- Sound Of Metal – Riz Ahmed stars as a drummer who is desperate to return to his old life after losing his hearing. Nominated for six awards – read our interview with director Darius Marder and co-star Paul Raci
- The Trial Of The Chicago 7 – historical legal drama starring an ensemble cast including Sacha Baron Cohen and Eddie Redmayne, the film follows the Chicago 7, a group of anti-Vietnam War protesters charged with conspiracy and crossing state lines with the intention of inciting riots at the 1968 Democratic National Convention in Chicago. Also up for six awards.
Which British stars are in the running?
This is a good year for British talent, with several nominees in the acting categories. In fact, in the leading actor category, three of the five nominees are British – Sir Anthony Hopkins (who won the BAFTA), Riz Ahmed and Gary Oldman – while in the leading actress category, Carey Mulligan and Vanessa Kirby (Pieces Of A Woman) are shortlisted.
In the supporting actor category, Daniel Kaluuya is the favourite after wins at the BAFTAs, Golden Globes, Critics’ Choice and Screen Actors’ Guild awards, and Sacha Baron Cohen is also in the running, with Olivia Colman nominated for best supporting actress. Promising Young Woman writer and director Emerald Fennell (who you may recognised as the actress who played Camilla in The Crown) is the first British woman to be nominated for best director (and with her debut, no less).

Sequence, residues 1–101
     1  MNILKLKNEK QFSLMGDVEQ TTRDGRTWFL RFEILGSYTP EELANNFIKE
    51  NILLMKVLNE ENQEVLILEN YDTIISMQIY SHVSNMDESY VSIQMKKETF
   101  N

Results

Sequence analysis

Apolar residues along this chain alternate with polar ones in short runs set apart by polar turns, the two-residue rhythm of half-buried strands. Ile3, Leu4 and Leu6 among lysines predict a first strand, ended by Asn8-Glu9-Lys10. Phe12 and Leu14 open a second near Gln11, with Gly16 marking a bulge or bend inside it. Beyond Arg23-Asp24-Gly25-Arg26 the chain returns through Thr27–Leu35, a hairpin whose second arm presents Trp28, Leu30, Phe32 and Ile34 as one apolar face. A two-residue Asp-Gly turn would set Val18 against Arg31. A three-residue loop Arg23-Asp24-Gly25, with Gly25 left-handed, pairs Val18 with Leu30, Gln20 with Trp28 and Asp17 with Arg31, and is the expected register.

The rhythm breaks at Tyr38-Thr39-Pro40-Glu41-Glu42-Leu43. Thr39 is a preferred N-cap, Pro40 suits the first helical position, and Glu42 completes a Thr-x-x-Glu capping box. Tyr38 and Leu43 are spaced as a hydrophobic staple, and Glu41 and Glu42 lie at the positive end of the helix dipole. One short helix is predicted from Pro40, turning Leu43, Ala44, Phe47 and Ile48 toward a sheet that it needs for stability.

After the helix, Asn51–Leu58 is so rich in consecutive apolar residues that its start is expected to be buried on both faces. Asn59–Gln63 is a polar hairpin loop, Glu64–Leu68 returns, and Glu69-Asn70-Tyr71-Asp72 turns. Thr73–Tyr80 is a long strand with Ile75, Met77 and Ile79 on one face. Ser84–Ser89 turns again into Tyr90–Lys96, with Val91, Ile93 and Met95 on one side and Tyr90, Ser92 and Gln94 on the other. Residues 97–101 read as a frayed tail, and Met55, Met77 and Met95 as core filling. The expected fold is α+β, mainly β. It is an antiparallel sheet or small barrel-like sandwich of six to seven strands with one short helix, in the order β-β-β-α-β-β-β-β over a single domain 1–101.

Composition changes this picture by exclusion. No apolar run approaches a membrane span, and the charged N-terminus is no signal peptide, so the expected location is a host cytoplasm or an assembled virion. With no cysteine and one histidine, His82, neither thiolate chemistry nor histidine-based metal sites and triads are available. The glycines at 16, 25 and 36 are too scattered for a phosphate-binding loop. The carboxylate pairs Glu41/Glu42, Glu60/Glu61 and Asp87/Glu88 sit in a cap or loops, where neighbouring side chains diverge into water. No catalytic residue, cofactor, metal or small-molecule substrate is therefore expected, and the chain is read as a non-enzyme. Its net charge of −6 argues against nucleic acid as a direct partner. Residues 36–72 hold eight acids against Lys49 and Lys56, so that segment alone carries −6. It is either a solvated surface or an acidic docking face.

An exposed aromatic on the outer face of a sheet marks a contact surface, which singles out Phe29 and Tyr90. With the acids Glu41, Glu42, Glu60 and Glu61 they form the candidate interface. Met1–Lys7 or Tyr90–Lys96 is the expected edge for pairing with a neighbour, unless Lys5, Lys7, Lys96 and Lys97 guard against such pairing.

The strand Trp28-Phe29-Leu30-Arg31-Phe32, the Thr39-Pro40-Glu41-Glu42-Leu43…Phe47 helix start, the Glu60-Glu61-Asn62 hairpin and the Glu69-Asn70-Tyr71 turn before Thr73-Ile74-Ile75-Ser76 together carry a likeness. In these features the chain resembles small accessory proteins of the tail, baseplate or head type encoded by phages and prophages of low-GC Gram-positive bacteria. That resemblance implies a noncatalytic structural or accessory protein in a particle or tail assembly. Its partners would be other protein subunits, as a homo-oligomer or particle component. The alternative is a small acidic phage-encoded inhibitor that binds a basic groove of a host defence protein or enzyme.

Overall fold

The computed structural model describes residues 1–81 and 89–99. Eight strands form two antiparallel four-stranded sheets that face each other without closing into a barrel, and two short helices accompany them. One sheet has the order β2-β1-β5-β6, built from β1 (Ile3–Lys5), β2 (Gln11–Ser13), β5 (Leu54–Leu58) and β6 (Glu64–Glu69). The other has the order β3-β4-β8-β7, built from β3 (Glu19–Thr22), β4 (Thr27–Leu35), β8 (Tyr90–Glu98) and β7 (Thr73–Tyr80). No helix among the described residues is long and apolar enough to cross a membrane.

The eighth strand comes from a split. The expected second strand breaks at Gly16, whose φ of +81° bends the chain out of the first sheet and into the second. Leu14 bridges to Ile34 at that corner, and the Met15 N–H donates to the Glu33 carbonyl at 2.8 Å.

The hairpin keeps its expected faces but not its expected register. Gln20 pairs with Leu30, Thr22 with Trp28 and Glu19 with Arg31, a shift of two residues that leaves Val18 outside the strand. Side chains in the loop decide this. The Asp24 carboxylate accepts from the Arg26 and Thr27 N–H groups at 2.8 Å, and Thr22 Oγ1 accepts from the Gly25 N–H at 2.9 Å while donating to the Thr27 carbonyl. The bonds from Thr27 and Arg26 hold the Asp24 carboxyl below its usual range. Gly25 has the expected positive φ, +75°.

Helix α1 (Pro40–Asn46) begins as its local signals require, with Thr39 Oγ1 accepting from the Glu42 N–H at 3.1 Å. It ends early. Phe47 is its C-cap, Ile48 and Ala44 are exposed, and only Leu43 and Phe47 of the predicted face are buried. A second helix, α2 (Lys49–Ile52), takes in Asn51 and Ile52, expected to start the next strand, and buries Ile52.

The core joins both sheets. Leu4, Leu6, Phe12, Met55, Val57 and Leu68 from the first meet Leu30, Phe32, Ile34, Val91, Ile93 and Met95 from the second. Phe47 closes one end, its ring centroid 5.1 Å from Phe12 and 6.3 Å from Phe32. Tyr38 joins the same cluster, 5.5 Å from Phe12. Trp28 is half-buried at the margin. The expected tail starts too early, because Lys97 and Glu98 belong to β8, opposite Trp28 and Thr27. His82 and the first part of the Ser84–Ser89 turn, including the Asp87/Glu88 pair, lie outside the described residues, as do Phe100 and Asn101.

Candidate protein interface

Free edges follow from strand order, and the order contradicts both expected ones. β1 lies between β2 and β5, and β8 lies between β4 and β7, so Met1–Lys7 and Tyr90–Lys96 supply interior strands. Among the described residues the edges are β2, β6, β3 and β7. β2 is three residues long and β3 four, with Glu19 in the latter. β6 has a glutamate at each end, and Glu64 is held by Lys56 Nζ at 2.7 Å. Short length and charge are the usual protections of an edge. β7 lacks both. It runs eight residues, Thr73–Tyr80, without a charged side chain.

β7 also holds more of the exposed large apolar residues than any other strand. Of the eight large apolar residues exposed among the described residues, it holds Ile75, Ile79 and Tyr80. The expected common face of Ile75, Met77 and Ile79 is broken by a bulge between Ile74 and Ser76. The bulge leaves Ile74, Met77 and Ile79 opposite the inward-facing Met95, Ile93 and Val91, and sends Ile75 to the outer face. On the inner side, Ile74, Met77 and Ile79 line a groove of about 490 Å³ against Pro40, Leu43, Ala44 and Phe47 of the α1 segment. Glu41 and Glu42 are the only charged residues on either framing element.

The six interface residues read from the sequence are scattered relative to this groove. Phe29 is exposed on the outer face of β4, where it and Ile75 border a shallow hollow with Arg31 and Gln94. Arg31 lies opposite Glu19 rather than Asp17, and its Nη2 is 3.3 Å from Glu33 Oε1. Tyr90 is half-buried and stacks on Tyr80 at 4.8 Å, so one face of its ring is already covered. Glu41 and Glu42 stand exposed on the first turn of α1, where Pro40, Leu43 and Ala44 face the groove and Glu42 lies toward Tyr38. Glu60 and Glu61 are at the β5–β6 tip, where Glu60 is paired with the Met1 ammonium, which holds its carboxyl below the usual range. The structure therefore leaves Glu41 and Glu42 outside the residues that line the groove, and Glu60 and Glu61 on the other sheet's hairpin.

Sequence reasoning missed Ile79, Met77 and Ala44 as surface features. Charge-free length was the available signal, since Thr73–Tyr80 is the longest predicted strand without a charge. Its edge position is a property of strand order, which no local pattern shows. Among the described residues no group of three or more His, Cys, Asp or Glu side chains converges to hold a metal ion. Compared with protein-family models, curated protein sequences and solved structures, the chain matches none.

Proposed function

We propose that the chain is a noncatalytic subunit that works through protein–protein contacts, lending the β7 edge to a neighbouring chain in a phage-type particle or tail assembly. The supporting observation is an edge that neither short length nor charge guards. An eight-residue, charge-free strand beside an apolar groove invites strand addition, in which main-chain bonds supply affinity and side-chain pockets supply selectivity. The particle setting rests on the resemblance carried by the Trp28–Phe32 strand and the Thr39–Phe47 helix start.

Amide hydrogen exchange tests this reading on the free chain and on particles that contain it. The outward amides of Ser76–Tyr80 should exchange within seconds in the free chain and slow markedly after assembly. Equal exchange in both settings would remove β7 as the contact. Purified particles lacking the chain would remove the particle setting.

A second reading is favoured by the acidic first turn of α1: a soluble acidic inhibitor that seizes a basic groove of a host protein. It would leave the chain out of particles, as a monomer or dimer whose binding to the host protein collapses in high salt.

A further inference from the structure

Colman is a previous winner, having picked up the best actress gong for The Favourite in 2019, as is Oldman, who won for Darkest Hour in 2018. Hopkins, who won his Oscar for Silence Of The Lambs back in 1992, has now been nominated six times. Mulligan, Kaluuya and Baron Cohen have been shortlisted for awards before, but never won, while the nods this year are a first for Ahmed and Kirby.
Who are they up against?
Steven Yeun and the late Chadwick Boseman make up the shortlist in the leading actor category, with Boseman widely expected to win the award posthumously following wins at the Golden Globes, Critics’ Choice and Screen Actors’ Guild awards. Frances McDormand, Viola Davis (Ma Rainey’s Black Bottom) and newcomer Andra Day (The United States vs Billie Holiday) are the other stars shortlisted for best actress.